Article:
Software that can map the structure of an individual human brain is being trialled in Belgium in tumour patients.
Researchers at Ghent University modelled the brains of 25 tumour patients and 11 controls.
They found that the software could accurately predict the effects of the tumour on brain connectivity.
Doctors hope to combine neuroimaging data with virtual brain modelling to improve surgical planning and outcomes in the future.
Study researcher Daniele Marinazzo told the BBC: "We can therefore think of doing a 'virtual operation', removing parts of the brain, or cutting the connections between them, and seeing if we can predict what actually happens, and how the large-scale dynamic balance of the brain is changed."
Before a patient is operated on, surgeons use brain scans to plan the best way to remove the growth.
However, it is difficult to predict the outcome of surgery because of the complexity of the human brain.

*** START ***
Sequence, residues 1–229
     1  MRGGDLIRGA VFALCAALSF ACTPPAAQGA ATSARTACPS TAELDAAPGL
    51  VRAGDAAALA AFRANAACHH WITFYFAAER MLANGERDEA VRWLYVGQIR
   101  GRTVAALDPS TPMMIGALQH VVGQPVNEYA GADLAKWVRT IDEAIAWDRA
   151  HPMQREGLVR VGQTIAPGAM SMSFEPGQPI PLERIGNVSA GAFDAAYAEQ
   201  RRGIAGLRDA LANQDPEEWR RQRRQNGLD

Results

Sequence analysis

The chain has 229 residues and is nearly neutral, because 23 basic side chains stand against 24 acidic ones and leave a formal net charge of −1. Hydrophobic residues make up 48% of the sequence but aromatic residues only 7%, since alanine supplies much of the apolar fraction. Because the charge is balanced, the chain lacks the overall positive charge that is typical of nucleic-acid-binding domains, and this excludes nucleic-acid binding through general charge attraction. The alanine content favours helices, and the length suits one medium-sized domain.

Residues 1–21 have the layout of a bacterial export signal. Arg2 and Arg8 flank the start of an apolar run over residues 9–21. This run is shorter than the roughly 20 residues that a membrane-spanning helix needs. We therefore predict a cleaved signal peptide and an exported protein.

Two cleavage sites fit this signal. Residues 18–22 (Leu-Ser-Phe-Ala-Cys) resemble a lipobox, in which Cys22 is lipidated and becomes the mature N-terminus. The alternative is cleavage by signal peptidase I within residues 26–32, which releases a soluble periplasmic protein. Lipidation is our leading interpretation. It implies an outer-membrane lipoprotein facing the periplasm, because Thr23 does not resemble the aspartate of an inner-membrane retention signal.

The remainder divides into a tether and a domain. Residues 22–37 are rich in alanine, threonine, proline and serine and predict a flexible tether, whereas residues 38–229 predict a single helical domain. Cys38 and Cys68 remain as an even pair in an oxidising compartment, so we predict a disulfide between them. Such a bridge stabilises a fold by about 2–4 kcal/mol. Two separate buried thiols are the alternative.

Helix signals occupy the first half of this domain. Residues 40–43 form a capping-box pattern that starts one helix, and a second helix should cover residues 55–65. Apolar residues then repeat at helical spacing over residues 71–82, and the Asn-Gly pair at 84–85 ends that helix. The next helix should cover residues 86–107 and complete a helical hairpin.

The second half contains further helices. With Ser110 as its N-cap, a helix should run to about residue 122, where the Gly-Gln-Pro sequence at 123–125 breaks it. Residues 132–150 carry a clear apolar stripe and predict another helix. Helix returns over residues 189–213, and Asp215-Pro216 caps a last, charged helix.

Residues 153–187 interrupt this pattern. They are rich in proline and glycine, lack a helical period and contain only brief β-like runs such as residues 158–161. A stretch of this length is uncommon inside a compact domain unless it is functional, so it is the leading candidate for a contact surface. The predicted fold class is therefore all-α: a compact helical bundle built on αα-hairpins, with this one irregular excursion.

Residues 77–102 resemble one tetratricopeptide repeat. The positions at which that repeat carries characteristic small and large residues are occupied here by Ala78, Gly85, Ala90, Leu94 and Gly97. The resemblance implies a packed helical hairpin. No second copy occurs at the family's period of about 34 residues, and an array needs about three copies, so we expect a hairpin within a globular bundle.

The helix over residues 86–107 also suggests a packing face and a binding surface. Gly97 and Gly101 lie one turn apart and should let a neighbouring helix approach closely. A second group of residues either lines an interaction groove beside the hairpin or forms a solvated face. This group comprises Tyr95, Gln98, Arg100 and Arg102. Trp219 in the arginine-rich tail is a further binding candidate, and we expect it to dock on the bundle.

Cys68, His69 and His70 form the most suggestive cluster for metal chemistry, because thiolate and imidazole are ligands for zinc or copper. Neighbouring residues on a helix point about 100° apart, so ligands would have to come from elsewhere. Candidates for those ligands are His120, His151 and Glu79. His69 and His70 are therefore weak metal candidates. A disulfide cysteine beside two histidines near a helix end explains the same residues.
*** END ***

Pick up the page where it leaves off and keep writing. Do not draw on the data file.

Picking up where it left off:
Simulating the brain using open source software known as The Virtual Brain allowed the researchers to understand how tumours affect brain connectivity.
This could allow doctors to plan surgery that gives the best chance of removing a tumour while keeping the rest of the brain tissue intact.
The conventional procedure for mapping tumours is to use non-invasive imaging techniques such as functional medical imaging (fMRI).
Niels Janssen, a neuroscientist at the University of La Laguna on the island of Tenerife, said: "This is fantastic research that shows how theoretical models of the brain can be useful in practice.
"We really need this research because it could help doctors make better surgical decisions and improve the life of the patients."
The research is published in the journal, MeNeuro.
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